Published online by Cambridge University Press: 18 November 2021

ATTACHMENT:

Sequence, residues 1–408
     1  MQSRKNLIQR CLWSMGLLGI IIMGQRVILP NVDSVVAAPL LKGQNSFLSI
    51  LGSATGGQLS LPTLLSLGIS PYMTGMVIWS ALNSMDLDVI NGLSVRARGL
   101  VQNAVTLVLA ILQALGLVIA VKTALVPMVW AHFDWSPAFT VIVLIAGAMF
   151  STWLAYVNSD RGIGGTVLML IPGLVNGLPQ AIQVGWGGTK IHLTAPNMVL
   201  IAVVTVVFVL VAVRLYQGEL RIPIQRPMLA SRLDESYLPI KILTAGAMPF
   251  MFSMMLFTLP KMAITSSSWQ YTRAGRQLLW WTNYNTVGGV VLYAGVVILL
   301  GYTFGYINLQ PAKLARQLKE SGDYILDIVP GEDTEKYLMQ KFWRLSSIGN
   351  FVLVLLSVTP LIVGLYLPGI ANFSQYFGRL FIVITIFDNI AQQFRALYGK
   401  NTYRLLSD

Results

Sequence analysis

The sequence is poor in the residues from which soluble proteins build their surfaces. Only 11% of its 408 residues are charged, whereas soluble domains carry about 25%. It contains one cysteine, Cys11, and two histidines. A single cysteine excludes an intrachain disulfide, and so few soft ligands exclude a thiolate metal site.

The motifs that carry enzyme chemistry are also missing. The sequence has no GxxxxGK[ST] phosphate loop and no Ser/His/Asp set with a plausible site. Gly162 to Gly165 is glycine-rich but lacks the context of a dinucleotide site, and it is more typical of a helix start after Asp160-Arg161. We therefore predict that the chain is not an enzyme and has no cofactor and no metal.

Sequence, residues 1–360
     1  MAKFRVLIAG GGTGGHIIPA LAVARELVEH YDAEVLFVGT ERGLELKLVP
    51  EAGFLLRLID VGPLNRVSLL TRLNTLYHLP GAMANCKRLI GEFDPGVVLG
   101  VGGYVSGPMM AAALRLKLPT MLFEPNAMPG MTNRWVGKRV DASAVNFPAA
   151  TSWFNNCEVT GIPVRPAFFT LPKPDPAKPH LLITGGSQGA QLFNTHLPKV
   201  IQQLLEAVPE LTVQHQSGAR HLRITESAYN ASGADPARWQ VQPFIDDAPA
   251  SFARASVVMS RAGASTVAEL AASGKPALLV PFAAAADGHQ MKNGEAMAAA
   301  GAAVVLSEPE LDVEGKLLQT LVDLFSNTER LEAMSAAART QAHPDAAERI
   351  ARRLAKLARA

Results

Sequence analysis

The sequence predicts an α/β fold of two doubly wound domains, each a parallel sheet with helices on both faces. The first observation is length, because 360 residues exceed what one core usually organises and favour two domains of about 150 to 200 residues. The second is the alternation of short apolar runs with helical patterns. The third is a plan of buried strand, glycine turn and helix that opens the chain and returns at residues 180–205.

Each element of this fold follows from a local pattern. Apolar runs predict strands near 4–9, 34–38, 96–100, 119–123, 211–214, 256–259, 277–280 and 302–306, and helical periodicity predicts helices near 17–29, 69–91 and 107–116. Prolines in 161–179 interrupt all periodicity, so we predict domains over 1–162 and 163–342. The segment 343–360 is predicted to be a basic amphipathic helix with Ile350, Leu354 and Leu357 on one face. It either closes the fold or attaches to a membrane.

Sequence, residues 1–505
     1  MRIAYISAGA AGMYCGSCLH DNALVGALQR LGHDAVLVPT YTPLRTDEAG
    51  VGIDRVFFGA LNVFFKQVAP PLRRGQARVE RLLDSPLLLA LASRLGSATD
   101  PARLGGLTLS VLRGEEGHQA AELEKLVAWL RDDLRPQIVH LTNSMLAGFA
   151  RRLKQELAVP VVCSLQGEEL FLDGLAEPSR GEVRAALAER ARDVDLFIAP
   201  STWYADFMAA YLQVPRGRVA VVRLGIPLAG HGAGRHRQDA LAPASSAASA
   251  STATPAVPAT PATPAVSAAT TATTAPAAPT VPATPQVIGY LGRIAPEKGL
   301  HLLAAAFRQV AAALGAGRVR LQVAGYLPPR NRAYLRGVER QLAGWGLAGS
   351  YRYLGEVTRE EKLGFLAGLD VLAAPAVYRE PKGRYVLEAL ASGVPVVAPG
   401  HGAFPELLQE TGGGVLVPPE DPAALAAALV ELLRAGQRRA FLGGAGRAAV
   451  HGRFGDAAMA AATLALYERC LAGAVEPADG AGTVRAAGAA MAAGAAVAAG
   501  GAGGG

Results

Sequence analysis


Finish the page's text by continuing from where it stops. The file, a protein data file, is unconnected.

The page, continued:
Why do public sector employees provide political services? Since the exchange of political support for jobs is sequenced and the law cannot be used to enforce the exchange, patronage contracts leave ample opportunity for deception and betrayal (see Chapter 2). When the political support is expected after the benefit has been received, individuals who receive public sector jobs can always opt to renege on their side of the agreement by refusing to provide the promised support (e.g., Calvo and Ujhelyi 2012; James 2006; Robinson and Verdier 2013).1 Most of the literature argues that clients comply with their side of the agreement – by providing electoral support or broader political support –because of either the threat of punishment or norms of reciprocity. The theory of self-enforcing patronage set forth in this book posits that public employees under patronage contracts provide political services because their incentives are aligned with those of the politician who hired them. Using two survey experiments embedded in the survey of public employees described in Chapter 3, as well as interviews with political brokers, politicians, and public sector employees, this chapter tests this claim – the main empirical implication of the theory.